The new 14-19 vocational diplomas being introduced in September are facing a series of "unique" problems concerning their gradings, a senior exams official said this week.
Examiners will have to make decisions on where to set grade boundaries with little information on the prior ability levels of pupils, claimed Dr Anthony Daly. They will also decide how many pupils are given grades in particular modules of diploma courses without any knowledge of how this will affect the overall pass rates.
Dr Daly, a senior research officer for the AQA exam board, is working with the Qualifications and Curriculum Authority on grading the new diploma.
It is being introduced in selected schools and colleges in five subjects at three levels from September. By 2013, it will be available in 17 subjects to all pupils.
A synopsis of a talk given by Dr Daly in London said: "We are presented with a unique set of problems that have to be overcome if the diploma is to be a success."
The difficulty facing Dr Daly and his colleagues is how to amalgamate pupils' performance across many different elements of the diploma courses, which pupils can take with different exam boards (see panel, right). Dr Daly told the Chartered Institute of Educational Assessors' annual conference that grading decisions would be difficult because it was not yet known what the overall ability level of those taking the diplomas would be.
He added that overall take-up of the diplomas for September was also unknown, but could be as low as 20,000.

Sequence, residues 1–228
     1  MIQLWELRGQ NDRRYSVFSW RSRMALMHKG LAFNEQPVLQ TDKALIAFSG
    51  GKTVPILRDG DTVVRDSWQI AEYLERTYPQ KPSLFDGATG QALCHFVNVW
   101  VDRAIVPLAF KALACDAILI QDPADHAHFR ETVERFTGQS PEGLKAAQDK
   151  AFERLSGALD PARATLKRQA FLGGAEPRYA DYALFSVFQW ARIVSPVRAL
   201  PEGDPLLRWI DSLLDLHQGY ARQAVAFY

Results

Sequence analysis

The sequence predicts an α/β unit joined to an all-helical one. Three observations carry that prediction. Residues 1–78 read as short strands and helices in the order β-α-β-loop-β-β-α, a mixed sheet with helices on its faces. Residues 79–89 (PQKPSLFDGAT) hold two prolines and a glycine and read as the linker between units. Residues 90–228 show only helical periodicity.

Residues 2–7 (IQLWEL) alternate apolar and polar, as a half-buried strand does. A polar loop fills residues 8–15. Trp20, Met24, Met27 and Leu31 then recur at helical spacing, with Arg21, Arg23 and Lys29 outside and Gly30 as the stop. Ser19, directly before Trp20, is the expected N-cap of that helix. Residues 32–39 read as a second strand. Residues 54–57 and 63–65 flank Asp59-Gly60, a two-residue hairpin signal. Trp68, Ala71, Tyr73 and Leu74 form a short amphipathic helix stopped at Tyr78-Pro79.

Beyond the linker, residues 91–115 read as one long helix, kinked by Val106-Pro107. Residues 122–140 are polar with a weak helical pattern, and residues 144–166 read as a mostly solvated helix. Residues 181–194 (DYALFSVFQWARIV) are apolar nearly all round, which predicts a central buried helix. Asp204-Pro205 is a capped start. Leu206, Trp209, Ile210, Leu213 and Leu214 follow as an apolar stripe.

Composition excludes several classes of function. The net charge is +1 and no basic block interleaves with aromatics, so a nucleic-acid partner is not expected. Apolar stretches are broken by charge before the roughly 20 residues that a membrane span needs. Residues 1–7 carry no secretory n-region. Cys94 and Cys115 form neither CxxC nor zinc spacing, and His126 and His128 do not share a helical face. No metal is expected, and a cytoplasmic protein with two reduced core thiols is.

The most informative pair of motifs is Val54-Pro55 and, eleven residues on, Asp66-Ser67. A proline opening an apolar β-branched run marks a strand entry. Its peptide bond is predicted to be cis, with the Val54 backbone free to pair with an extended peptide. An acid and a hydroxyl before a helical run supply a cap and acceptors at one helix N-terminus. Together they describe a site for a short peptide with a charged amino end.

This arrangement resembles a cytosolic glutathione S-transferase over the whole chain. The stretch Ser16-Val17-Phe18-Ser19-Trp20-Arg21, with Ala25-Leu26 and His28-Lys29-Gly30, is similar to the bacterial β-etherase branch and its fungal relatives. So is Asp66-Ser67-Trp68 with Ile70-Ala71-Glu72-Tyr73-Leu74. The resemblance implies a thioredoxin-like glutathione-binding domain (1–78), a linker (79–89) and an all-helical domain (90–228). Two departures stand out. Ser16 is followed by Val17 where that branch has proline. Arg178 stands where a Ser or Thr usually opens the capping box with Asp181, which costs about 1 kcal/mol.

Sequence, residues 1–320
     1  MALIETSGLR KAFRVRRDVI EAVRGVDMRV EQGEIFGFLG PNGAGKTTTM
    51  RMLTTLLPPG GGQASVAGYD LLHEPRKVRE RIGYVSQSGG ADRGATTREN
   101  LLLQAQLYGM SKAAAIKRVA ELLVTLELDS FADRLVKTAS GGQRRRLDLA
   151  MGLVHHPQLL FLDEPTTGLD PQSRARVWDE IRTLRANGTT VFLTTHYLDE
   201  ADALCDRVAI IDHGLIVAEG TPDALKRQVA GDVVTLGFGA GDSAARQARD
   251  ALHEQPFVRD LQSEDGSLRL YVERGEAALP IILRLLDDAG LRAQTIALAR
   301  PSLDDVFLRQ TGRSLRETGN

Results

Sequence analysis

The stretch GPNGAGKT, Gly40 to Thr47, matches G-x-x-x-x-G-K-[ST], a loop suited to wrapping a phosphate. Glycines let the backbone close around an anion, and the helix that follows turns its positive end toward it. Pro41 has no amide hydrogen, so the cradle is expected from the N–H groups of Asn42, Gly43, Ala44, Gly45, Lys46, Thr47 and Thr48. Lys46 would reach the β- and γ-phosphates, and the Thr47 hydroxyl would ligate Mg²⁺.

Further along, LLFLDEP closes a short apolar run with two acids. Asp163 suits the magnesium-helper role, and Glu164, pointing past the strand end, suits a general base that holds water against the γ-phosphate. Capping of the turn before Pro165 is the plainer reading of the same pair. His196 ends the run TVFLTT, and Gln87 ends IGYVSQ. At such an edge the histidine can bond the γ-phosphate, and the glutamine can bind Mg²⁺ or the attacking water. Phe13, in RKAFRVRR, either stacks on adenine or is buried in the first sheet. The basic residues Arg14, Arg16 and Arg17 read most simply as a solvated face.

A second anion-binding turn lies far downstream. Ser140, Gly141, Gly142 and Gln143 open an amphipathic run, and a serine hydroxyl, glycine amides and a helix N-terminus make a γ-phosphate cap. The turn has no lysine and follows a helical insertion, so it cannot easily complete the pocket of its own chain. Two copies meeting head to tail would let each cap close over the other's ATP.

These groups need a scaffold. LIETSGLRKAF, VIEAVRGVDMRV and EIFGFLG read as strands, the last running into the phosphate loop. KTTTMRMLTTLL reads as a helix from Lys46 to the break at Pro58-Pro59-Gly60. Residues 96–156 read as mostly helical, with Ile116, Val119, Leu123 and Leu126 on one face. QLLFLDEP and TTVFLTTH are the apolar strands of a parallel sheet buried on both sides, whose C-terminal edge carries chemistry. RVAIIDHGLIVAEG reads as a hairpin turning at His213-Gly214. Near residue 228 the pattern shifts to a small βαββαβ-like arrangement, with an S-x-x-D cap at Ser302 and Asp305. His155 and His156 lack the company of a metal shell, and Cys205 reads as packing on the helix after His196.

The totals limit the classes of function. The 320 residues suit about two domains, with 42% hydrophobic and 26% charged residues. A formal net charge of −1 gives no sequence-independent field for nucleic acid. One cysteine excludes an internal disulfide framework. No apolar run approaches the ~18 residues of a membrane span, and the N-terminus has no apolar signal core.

Dr Daly's comments follow a waning from Jerry Jarvis, managing director of Edexcel. He said that the diplomas risked failure and that the scale of reform dwarfed that of Curriculum 2000 A-levels, which led to a marking crisis in 2002.
Uncertainty over where to set grade boundaries for the new A-levels lay at the heart of marking difficulties then. Some people will now be concerned about the complexity of the marking task facing the vocational diplomas.
Diplomas: what will be graded?
Diplomas consist of six elements: a core, or principal learning, course in each subject; optional additional and specialist learning courses; functional skills tests in English, maths and ICT; a project; work experience; and personal, learning and thinking skills.
Pupils will have to pass the functional skills element and complete two weeks of work experience. They will also be taught personal, learning and thinking skills, although these will not be assessed.
Their overall diploma grade, though, will depend only on performance in the principal learning section and the project. Performance in the additional and specialist learning section will be graded separately.